PowerPivot ROI Quadrant2

Thanks for All the Emails!

I really appreciate everyone who took the time to send in their thoughts on the first iteration of the ROI Quadrant.  Your input has encouraged me to keep refining and updating the chart. 

Based on your feedback, there are now a few additions in the version above:

  1. Desktop-Only PowerPivot
  2. QlikView
  3. Birst
  4. PivotLink

I’ll briefly explain the rationale for each.

Desktop PowerPivot vs. “Full System” PowerPivot

This is a distinction I often fail to make and you guys rightly called me on it.

Let me be clear:  PowerPivot on your desktop is an amazing tool, but it does not offer the ongoing robustness benefits that you get when you deploy it as part of a full system.

What does the full system entail?  Some of it isn’t software or hardware, but a social system.  People in different roles cooperating.  How your toolset blends in with your people and your organization is important – another theme I keep emphasizing.

  1. PowerPivot for SharePoint.  Without this, you don’t get security, auto-refresh, one version of the truth, cross-platform reach, nor the simpler usability of the web interface.  This is a big reason why people come to us for Cloud PowerPivot – to gain these benefits without large IT investments.
  2. Database Support
    1. I’ve spoken at length about how much better PowerPivot is when paired with a database – here and here for starters.
    2. ETL technically means “extract, transform, and load” but in general I just use this to refer to data shaping – something that is difficult (often impossible) to perform in PowerPivot.
    3. Even more clearly though, PowerPivot authors can deliver much better results when they have the cooperation of a database pro.  A two-person team of PowerPivot “Excel Pro” plus a “Database Pro” can accomplish things that much larger teams will actually never accomplish using other tools.  Whenever I conduct one of my two-day training sessions on PowerPivot, this cooperation is a theme that I stress repeatedly.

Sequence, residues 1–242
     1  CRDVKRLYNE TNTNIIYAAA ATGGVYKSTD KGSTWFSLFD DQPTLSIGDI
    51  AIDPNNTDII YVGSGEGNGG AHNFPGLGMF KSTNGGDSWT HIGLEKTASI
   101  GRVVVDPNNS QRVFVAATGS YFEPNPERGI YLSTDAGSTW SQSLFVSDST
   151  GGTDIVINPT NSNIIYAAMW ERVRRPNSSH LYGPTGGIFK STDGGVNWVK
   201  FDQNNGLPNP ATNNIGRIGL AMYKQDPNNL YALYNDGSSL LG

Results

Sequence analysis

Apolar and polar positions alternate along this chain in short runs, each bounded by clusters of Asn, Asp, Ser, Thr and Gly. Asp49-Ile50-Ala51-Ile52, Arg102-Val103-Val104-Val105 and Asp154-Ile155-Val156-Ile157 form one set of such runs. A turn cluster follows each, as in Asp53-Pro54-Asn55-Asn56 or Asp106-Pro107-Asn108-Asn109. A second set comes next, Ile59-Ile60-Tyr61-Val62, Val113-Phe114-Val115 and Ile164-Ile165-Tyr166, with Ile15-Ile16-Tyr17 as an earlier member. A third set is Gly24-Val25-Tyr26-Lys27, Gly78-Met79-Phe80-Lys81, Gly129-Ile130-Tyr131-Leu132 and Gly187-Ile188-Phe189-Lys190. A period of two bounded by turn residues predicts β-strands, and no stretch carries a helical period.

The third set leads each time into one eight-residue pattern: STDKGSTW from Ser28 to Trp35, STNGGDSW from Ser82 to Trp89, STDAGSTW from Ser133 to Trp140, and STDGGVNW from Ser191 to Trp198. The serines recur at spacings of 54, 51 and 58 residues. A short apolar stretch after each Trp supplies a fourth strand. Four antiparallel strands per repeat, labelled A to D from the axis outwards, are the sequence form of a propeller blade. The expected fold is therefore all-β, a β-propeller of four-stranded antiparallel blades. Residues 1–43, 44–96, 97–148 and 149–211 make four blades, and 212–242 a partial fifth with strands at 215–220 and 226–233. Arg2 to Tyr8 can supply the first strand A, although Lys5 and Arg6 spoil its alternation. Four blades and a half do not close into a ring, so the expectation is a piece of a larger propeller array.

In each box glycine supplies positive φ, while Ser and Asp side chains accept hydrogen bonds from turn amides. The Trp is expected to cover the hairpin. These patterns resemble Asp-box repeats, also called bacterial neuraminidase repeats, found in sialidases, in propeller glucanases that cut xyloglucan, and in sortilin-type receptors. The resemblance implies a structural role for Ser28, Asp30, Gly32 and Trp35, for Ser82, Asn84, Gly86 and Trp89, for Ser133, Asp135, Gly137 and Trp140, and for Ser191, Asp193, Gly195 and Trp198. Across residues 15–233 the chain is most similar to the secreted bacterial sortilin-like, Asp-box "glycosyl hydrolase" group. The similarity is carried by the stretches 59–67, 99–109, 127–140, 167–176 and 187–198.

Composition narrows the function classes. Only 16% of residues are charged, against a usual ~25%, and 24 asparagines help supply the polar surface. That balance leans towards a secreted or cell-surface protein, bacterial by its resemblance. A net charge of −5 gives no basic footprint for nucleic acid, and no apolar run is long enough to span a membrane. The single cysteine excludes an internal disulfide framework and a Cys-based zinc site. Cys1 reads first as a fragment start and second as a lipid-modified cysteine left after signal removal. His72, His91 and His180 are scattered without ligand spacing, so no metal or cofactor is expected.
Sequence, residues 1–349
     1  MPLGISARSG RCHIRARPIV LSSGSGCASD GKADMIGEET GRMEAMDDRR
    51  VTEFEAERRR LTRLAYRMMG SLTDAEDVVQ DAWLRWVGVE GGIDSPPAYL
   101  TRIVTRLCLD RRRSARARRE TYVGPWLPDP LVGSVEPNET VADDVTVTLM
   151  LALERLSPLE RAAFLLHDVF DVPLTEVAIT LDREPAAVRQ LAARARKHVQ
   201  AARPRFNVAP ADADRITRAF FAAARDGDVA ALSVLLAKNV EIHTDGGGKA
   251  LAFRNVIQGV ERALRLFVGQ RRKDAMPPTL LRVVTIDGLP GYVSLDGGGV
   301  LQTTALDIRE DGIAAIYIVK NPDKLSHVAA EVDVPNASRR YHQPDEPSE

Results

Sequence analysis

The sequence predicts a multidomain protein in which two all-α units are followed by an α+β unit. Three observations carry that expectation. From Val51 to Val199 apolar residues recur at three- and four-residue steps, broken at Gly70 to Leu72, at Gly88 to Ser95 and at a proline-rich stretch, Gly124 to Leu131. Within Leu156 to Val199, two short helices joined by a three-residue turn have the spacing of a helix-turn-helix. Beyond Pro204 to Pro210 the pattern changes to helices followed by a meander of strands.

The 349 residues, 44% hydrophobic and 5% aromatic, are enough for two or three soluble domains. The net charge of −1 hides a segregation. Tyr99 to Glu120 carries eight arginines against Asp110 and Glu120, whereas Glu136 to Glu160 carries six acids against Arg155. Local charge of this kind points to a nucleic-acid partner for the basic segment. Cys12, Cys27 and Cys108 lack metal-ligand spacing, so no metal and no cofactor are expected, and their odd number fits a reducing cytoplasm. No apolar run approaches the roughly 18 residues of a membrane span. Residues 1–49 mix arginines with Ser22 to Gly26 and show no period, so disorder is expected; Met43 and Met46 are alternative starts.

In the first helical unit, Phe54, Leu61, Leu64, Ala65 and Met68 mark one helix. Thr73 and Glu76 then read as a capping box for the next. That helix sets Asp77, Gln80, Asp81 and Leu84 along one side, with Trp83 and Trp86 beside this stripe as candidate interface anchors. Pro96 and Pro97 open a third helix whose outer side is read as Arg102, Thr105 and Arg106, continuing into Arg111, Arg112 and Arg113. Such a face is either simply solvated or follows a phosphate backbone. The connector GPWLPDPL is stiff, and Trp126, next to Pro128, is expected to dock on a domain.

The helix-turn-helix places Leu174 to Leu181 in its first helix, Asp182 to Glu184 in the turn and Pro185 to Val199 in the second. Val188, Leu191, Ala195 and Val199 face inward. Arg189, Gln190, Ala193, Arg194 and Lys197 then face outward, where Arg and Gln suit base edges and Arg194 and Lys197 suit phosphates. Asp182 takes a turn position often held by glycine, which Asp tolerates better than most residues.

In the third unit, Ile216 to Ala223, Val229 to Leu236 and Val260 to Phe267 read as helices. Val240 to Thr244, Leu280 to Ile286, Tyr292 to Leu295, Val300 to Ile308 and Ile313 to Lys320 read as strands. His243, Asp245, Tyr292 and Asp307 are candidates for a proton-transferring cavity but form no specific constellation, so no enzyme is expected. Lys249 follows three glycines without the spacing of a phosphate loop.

If you’re just running PowerPivot on the desktop, you still get dramatically increased robustness and agility over regular Excel, thanks to portable formulas and multi-table mashups.  But the lack of DBA support reduces your agility quite a bit compared to adopting a complete system, and the lack of SharePoint impacts both your robustness and agility.

The difference between having a full system versus just the desktop is night and day.  If all you have right now is the desktop version, don’t sweat it – you are learning all the right things and gaining tremendous benefit already.  Look at this as a positive – there are still further amazing capabilities to leverage.


I’ve heard a lot of good things about QlikView over the years and that continued in the emails I received.

Basically the theme I saw was in line with my long-simmering theory:  if you are in the market for a BI tool, but want something a bit more approachable than traditional BI platforms, QlikView is a very appealing choice.  The feature set is very rich, quite competitive with “big box” BI vendors, while presenting to its users a level of complexity that resembles that of Access development rather than heavyweight BI.

Still, I’ve met a number of people who who’ve been using or reselling QlikView and decided that it wasn’t broadly-useable enough.  The scripting language can put people off, and there’s a rich community of QlikView consultants, which is another sign of complexity.

Again, that theme that it’s like Access development in terms of complexity and less like Excel.

So QlikView gets a larger dot than traditional BI, similar robustness level (greater than PowerPivot), but a smaller dot than PowerPivot and lower agility score.  The Excel Army has soldiers everywhere, ready to engage.  To adopt QlikView you need to teach people a brand new language.

Note that if I did start to include feature depth using color intensity, QlikView would do very well on that scale.  But features don’t drive ROI nearly as much as the way it fits the people in your organization, so PowerPivot’s “ROI Rectangle” would still be quite a bit larger:

Comparing ROI of Traditional BI, QlikView, and PowerPivot

Comparing the “ROI Rectangles” of Traditional BI, QlikView, and PowerPivot


I know very little about Birst personally but I received a few suggestions in terms of where to place it, and those suggestions were consistent, so here it is.  Let me know if you disagree.


At Pivotstream we have a great deal of experience with PivotLink.  Or at least, my colleagues do.  My acknowledged first mission when I joined the company was to replace PivotLink with PowerPivot.  We did that quickly and we never looked back.

I realize that my placement of their dot is inconsistent with their marketing, as they were one of the early “self-service SaaS BI” firms.  Good ideas and courage are excellent ingredients, and I salute them for that, but we have firsthand knowledge that the execution is lacking.

I don’t have a problem being particularly harsh here because the notion of friendly BI tools is very much a reality – I live it every day.  So anyone that purports to be that but then under-delivers on usability AND robustness could unfairly give the entire space a bad name.


Tableau is a very popular tool in the data visualization crowd.  Those of you who have used it as well as PowerPivot, please drop me a note with your thoughts.  Your anonymity will be protected.  I’m rob.  At a place called Pivotstream.  Dot com.